By STEVE KRAH
To pitch at high levels — college or pro — the space between the ears becomes even more important than the arm.
That’s one of the big lessons Eric Stults absorbed in his 14 seasons of professional baseball (2002-2015).
“It’s the mental part of the game,” Stults said after leading a pitching camp for youngsters Saturday, Feb. 25 at Eastlake Chargers Baseball/Softball Academy inside Eastlake Athletic Club in Goshen. “A lot of guys can physically throw a baseball and throw it hard and well. But what separates the guys who excel or do so at the next level is their ability to mentally make adjustments and stay focused.
“It’s somebody I probably didn’t learn until college. More than physically, I needed to be mentally sharp. (After learning that,) I was practicing that as much as I was throwing the baseball.
“The earlier some of these players can get that, it’s only going to help them along the way.”
Stults played at Argos High School and Bethel College before being drafted in 2002. The left-hander’s pro baseball odyssey took him through experiences with five different Major League Baseball clubs (Los Angeles Dodgers, Colorado Rockies, Chicago White Sox, San Diego Padres and Atlanta Braves) as well as several minor league teams and in Japan (Hiroshima Toyo Carp).
While working toward the big leagues (he made his debut in 2006), Stults was introduced to the importance of the mental side.
“I got in a rut and was searching for something,” Stults said. “Someone said, ‘have you ever thought of the mental side of the game?’ I said, ’Not really. I just go out there and throw the baseball and hope for the best.’”
Stults started his Indiana Chargers camp remarks by focusing on enjoyment of the game.
“This is a game,” Stults said to 45 pitchers of varying ages and their parents. “We want to have fun.”
Then comes learning how to pitch — not just throw.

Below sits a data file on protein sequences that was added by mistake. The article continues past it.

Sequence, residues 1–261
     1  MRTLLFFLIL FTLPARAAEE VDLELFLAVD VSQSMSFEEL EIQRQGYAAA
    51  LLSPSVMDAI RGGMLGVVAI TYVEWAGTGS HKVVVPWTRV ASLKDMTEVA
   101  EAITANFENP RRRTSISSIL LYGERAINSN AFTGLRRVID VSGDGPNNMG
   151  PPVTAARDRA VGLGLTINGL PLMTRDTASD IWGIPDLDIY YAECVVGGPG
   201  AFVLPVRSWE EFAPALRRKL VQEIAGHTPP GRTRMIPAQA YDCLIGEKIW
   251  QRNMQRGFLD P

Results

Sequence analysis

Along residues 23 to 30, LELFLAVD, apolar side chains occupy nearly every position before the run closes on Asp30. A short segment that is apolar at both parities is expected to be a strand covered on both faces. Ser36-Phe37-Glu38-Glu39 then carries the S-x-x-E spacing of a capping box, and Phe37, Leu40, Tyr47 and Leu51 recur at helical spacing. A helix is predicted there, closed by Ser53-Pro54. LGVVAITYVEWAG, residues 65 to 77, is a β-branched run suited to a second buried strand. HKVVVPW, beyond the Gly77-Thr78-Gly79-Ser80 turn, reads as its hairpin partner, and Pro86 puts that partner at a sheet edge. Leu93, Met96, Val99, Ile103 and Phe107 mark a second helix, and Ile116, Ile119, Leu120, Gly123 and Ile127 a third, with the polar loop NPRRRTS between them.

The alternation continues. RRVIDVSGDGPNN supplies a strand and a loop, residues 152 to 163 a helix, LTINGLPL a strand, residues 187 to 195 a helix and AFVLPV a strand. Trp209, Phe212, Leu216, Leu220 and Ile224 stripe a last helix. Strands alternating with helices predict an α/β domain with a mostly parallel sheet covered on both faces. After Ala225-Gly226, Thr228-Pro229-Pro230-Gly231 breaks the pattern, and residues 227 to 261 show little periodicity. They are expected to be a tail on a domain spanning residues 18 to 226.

Even the hardest throwers can’t rely on velocity alone.
Stults, who resides in Middlebury, enjoyed longevity in the game not from gas but his ability to focus on the game within the game — pitcher vs. hitter. He was able to change speeds and the eye levels of hitters by moving the ball around.
After a Tommy John surgery early in his career — before he really knew the importance of arm care — he stayed relatively healthy.
While campers went from station to station for Crossover Symmetry Band work for rotator cuff and scapular strengthening, throwing and recovery drills with the help of ECBSA’s Joel Mishler, Justin Barber and George Hofsommer, Stults also took time to tell them about concepts like routine.
Stults, who worked with many coaches and sports psychologists throughout his diamond days, said his routine changed throughout his career, but having one helped with the mental side of the game.
One pre-pitch routine that he had was taking a deep breath and letting it go along with all of the tension.
“It can be that simple,” Stults said. “I also had a key word — FOCUS. It let me focus on the catcher’s glove and take the distractions out of my head. That allows you to get back into a good mind frame.”
Learning the mental side also helped Stults to keep from dwelling on the negative things and focus on his next pitch or next outing.
“The mindset is you’ve got to forget about it,” Stults said. “It’s easier said than done. But that comes through practice and mental part of the game. Let’s move forward.”
In discussing mechanics, Stults noted that not everyone delivers the ball in the same way or has the same arm slot.
“As an individual, you have to figure out what works for you,” Stults said. “When I talk about different grips and throwing different pitches, it’s trial and error.
“You have to be willing to try new things and be coachable.”
Stults encouraged players to learn how to “self-coach” and diagnose their own problems and find solutions.
He emphasized always having a purpose even when playing catch (throw to a target) and developing tempo and rhythm while using nice loose grip on the baseball.
As Stults, 37, looks back on his lengthy career, it’s the relationships that stand out.
“What was gratifying was the people I met,” Stults said. “You can sit there and talk about victories and this and that. But it’s the people I met along the way. It’s that clubhouse camaraderie I was able to have in baseball.”
Former big leaguer Eric Stults demonstrates a grip during a camp at Eastlake Chargers Baseball/Softball Academy inside Eastlake Athletic Club in Goshen. (Photo By John Sadowey)
Eric Stults throws at a camp at Eastlake Chargers Baseball/Softball Academy in Goshen. He was helped by ECBSA’s Justin Barber (from left on right side of photo), George Hofsommer and Joel Mishler. (Photo By John Sadowey)
A pitching camp by former big leaguer and Middlebury resident Eric Stults brought out several youngsters to Eastlake Chargers Baseball/Softball Academy in Goshen. (Photo By John Sadowey)
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